The Crown Pub with rooms in Stoke by Nayland, Suffolk

Prices from:
£145 per night

David Hancock says:

  • Civilised, personable atmosphere
  • Creative seasonal cooking
  • Boutique bedrooms, very comfortable
  • Top-drawer wine list and wine shop
  • Fabulous setting in Constable country

PerkInn Places Perk

Bottle of House Wine or two glasses of Champagne with dinner

Good for WalkingCandlelitVisit a Stately PilePrivate Dining

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The Crown Stoke by Nayland, Suffolk, CO6 4SE

The personal touch

It’s pleasing to imagine that England’s pre-eminent landscape artist, John Constable, would still recognise the higgledy-piggledy collection of timber-framed houses, the distant medieval churches and the rolling folds of Dedham Vale that surround the rustic-chic, 16th-century Crown at Stoke-by-Nayland. Richard Sunderland and his personable team have created a rip-roaring success here, turning what was a village watering hole into a classy boutique inn with lovingly nurtured gardens, a notable restaurant and a top-drawer wine list (Sunderland used to be sales director at Lay & Wheeler). The Crown also has its own glass-fronted wine shop – an oenophile’s haven stacked with terrific bottles from across the globe (hotel guests can get substantial discounts). Food is also taken seriously here, breakfast is a top shout and there are traditional roasts for all the family on Sundays.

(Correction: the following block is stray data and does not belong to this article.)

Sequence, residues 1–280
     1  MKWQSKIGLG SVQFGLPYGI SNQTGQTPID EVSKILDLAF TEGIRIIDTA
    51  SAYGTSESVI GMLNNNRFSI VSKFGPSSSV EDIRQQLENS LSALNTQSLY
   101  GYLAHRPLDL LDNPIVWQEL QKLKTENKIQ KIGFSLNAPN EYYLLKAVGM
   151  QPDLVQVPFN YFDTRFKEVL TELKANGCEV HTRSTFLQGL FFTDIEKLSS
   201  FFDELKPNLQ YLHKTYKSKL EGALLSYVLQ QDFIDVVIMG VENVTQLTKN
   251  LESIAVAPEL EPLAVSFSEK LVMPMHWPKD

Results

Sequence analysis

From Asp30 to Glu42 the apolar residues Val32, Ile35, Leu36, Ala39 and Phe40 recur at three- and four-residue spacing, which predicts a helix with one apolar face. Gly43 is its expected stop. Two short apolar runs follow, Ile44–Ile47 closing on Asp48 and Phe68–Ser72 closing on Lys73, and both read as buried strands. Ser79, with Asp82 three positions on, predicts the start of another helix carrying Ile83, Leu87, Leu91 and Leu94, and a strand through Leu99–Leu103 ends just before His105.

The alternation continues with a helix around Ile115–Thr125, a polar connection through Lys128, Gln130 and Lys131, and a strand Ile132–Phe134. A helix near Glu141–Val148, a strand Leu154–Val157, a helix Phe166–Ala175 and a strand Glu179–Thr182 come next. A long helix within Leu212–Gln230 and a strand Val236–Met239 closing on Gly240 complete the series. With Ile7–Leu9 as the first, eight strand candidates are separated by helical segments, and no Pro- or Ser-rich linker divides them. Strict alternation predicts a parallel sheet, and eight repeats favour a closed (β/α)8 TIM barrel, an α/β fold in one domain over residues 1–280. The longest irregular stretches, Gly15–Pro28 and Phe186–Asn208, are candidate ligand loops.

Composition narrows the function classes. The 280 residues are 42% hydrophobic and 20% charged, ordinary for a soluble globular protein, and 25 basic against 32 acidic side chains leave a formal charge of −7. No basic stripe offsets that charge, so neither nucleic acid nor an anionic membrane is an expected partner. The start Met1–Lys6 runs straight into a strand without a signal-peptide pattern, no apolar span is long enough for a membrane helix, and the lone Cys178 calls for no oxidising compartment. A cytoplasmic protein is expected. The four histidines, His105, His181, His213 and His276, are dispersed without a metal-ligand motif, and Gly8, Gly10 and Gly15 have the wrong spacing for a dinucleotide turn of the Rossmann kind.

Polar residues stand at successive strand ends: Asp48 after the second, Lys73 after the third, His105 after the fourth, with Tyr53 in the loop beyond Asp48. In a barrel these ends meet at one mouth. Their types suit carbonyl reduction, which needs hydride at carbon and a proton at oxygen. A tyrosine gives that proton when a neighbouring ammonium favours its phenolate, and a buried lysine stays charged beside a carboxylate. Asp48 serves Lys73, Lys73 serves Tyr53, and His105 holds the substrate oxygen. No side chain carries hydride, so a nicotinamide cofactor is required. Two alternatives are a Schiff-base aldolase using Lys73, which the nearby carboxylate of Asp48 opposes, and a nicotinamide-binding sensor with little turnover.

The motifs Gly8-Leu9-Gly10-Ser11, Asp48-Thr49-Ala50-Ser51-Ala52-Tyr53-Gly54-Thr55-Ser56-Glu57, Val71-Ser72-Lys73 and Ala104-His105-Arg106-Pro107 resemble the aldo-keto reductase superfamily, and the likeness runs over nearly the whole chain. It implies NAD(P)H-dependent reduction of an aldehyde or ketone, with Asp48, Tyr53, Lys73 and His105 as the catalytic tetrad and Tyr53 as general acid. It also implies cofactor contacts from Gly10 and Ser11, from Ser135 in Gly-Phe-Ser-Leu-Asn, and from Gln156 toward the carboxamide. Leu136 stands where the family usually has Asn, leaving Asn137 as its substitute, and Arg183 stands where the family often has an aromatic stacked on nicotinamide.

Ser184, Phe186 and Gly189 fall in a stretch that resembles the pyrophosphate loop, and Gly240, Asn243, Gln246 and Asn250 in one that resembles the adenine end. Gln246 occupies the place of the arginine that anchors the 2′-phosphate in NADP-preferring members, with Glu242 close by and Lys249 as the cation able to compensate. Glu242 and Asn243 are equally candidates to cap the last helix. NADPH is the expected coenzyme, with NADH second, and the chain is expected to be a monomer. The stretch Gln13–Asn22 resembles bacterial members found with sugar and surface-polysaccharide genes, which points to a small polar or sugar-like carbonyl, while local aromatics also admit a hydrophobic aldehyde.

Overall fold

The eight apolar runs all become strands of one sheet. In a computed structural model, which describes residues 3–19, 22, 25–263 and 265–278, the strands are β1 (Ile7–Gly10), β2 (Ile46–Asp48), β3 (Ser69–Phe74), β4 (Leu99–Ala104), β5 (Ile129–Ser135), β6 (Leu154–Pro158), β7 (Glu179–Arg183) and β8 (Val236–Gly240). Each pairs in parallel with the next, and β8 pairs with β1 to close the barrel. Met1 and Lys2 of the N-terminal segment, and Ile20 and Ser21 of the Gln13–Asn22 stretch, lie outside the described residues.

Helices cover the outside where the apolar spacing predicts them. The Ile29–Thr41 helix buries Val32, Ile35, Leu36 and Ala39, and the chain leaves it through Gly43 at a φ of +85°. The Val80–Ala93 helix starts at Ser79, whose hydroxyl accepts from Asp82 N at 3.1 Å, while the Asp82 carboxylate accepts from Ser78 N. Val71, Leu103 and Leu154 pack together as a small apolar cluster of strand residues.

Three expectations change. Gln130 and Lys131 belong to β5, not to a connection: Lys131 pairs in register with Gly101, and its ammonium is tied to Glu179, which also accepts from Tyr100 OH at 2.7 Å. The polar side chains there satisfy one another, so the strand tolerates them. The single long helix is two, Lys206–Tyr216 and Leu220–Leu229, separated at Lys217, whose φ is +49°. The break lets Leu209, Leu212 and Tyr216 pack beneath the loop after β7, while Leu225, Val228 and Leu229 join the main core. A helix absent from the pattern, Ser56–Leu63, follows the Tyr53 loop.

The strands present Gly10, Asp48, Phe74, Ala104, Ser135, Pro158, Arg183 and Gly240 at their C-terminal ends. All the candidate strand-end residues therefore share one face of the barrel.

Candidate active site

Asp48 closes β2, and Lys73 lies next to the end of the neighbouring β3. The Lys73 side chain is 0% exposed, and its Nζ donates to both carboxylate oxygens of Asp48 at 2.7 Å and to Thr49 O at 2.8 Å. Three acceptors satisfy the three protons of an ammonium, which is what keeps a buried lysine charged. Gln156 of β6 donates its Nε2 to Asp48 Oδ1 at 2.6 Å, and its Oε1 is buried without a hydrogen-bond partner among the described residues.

Sticky fingers

The Crown has its own children’s menu. Take your own highchair or cot if needed.

Muddy paws

Well-behaved dogs are welcome at the bar and in the tap room (if it’s not in use). Water bowls are on offer. Guide dogs only in the bedrooms.


Large terraced gardens behind the inn, with a full menu. Lovely borders and grounds, with rolling Constable-country views.

What’s the Damage?
11 doubles/twin: £145 to £225; single from £95. Two-night breaks: £275 midweek to £340 weekends (including dinner).
Sunday night offers – from £150 for dinner and B&B per couple

What Else?

  • All credit cards taken
  • Private dining facilities
  • Alfresco dining
  • Disabled access
  • Parking

AA 2 Rosettes; Harden’s; Michelin; Waitrose Good Food Guide


The Crown Stoke by Nayland, Suffolk, CO6 4SE

Do not disturb

Set in a smart boutique annexe, 11 very appealing modern bedrooms are divided into four types – although space and comfort are key themes throughout. Essentials such as king-size beds, Henderson Russell furniture, Jim Lawrence accessories and Nina Campbell wallpapers come as standard, while Superior, Deluxe and Executive rooms raise the luxury level to super-kingsize, with extra space and larger bathrooms – some including a separate bath and walk-in Matki shower. Upstairs rooms are all about rustic country-house chic, while ground-floor rooms are more cool and contemporary with the bonus of French windows leading out to the grounds and little terrace areas for admiring the views. One room is well set up for disabled access.

Creature comforts

Hand-crafted beds with Egyptian cotton sheets; Damana toiletries; mini bar; White Company Towels.


Flatscreen TVs; Free Wi-Fi and a safe for laptops; DVD and films at reception.


Arrangements for use of the smart spa and gym at Stoke-by-Nayland Golf Club five minutes’ drive away.

What’s for Breakfast?